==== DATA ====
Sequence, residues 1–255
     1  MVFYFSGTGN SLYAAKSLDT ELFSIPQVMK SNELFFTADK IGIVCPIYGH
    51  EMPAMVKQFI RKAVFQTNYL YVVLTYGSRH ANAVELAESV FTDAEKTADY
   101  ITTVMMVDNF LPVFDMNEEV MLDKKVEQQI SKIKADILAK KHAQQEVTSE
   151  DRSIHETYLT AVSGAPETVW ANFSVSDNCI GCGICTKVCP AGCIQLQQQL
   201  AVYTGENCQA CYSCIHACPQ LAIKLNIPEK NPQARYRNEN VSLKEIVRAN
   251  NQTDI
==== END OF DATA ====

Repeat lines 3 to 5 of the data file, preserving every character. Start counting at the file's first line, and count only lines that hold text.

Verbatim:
    51  EMPAMVKQFI RKAVFQTNYL YVVLTYGSRH ANAVELAESV FTDAEKTADY
   101  ITTVMMVDNF LPVFDMNEEV MLDKKVEQQI SKIKADILAK KHAQQEVTSE
   151  DRSIHETYLT AVSGAPETVW ANFSVSDNCI GCGICTKVCP AGCIQLQQQL